Yes, Robyn. The line itself lingers and provokes.

Savannah Jordan said...

What a blessing and a treasure, Bernita! This, "surrounded on three sides by water and on four by ghosts." of course, hote closest to home with me. I love the imagery conjured by a castle wall guarded by ghosts. *sigh*

Jaye Wells said...

Sounds like a real treasure. That's the kind of nonfiction you want to wallow in until your fingers are pruney.

Charles Gramlich said...

Wow, some great lines for sure. Maybe if I steal them from your post instead of directly from the source it won't quite be stealing.

spyscribbler said...

My favorite is an "experienced iron bedstead." I get nostalgic for that style of writing, sometimes!

I'm probably too ADD myself to sit through a whole book of it, but ... what vivid, beautiful writing!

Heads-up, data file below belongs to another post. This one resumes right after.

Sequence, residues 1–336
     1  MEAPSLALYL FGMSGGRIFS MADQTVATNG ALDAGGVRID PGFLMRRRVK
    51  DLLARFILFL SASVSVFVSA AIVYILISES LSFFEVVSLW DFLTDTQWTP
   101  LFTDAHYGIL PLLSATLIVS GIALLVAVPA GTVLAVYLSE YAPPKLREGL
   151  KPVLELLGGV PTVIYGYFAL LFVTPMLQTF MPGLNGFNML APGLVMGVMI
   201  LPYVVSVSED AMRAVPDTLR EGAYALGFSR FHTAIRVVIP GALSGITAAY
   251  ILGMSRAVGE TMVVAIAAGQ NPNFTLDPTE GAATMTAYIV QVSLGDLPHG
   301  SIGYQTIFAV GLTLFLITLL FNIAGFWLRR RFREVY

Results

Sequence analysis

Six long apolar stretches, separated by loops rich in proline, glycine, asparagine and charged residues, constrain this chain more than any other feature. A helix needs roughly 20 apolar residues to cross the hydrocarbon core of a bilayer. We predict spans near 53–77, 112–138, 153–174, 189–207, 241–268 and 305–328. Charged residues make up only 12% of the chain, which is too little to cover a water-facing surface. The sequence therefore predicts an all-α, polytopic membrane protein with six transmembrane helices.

Bernita said...

He obviously felt the same, Savannah.
He writes: " Everything you ever read about enchanted castles, captured princesses,...victims dying of thirst in dungeons, merimaids swimming up by moonlight to lure a man to his death, men beaten back to the whistle of swords and a hail of arrows, comes true as you see the turrets of Dunvegan lifted in the dusk above the trees on a spur of rock that leans over an arm of the sea in Skye."

Indeed it is, Jaye. And his voice is very modern.

Charles, you freebooter... He says of the tales and ballads" It is all sublimated journalism. Most of it happened." They "are as real as a sword dug up on a battlefield."

Bernita said...